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Acting Students Embrace Humorous, Emotional Characters in 'Crimes of the Heart'

Put three sisters in a room and emotions tend to run high—especially when one’s a would-be murderess, another a former mental patient, and the third is careening toward spinsterhood. 

Tragic on the surface, the Pulitzer Prize-winning play Crimes of the Heart has become one of the most beloved classics of American comedy since its 1981 Broadway debut. The Academy of Art University’s new production, directed by School of Motion Pictures and Television instructor Tracy Ward, runs through November 5 at the theater at 620 Sutter.

Crimes of the Heart is a play I’ve wanted to do for a long time,” said Executive Director of the School of Acting Diane Baker. It has so many good parts in it especially for younger people, and it just seemed perfect for our students and for Tracy. When it was brought up for her to direct I must say it was the perfect choice.”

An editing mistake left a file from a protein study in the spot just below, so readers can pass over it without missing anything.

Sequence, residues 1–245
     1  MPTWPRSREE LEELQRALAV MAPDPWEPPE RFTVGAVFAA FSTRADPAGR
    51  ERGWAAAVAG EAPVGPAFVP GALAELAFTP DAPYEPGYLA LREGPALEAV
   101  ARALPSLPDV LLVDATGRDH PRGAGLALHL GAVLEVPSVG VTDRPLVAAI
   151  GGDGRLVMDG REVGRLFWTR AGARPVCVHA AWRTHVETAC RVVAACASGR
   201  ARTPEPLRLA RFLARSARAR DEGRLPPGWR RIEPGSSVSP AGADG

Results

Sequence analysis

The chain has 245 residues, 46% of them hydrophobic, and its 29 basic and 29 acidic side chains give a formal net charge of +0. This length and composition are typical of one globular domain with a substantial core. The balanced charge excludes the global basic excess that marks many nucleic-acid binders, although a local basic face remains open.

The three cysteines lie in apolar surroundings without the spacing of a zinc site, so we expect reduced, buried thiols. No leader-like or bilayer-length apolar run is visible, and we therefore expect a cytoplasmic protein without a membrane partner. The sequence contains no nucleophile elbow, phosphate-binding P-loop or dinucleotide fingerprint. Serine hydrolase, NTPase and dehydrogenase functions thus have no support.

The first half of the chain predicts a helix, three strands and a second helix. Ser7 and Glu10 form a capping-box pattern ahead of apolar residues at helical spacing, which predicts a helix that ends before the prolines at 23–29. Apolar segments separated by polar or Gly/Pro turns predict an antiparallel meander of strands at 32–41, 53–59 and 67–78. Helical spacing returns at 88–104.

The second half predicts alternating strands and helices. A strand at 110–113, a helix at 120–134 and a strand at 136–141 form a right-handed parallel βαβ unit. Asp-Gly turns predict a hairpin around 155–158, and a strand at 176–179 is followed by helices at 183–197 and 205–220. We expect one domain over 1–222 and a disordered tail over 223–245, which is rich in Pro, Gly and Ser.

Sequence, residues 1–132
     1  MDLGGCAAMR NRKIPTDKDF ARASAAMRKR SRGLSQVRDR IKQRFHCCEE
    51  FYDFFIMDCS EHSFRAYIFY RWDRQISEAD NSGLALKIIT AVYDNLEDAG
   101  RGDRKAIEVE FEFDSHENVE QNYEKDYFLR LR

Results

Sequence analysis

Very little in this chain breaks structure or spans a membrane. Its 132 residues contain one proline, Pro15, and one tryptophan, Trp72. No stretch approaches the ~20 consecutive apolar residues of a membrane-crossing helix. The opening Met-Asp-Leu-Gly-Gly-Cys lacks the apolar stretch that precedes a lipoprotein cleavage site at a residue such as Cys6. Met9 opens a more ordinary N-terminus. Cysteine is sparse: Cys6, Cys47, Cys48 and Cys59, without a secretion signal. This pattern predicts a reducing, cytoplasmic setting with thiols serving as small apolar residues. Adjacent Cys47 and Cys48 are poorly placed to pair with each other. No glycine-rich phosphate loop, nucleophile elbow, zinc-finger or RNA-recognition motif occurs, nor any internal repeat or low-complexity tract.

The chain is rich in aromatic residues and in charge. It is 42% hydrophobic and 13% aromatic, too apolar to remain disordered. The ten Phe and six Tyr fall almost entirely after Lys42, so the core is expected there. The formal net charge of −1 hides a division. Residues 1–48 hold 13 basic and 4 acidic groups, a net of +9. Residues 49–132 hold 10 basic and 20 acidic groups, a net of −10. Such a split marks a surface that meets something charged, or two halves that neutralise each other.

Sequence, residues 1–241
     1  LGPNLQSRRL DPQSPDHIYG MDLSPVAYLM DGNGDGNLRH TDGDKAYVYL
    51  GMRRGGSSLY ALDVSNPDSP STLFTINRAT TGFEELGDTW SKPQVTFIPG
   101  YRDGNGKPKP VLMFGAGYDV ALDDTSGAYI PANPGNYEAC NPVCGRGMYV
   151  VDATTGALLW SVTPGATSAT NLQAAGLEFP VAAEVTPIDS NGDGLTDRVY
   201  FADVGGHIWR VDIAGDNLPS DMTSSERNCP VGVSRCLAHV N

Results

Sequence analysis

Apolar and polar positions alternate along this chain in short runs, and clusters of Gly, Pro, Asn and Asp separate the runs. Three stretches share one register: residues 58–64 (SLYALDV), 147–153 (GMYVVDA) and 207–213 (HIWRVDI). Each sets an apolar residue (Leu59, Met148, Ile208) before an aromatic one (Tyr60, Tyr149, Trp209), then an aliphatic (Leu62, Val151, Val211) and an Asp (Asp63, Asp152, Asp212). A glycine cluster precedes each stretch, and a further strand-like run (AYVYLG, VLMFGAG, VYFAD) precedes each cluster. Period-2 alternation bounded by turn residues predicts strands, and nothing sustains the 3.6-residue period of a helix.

Penned by Beth Henley, Crimes of the Heart takes place in 1970s Mississippi. It’s hilarious, but it’s dark, and the characters are tremendously complex on a psychological level, offering an excellent opportunity for the cast of six actors to delve into the acting process in ways many of them haven’t done before.

Sophomore Zoe Foulks who plays Babe Magrath (the youngest sister), said it’s one of the most difficult parts she has ever played. “Babe is very complex,” she explained. “She has a lot of baggage that she’s repressing, so you have to take that in but not do anything about it until the timing is right—until the moments when the character is able to release it.”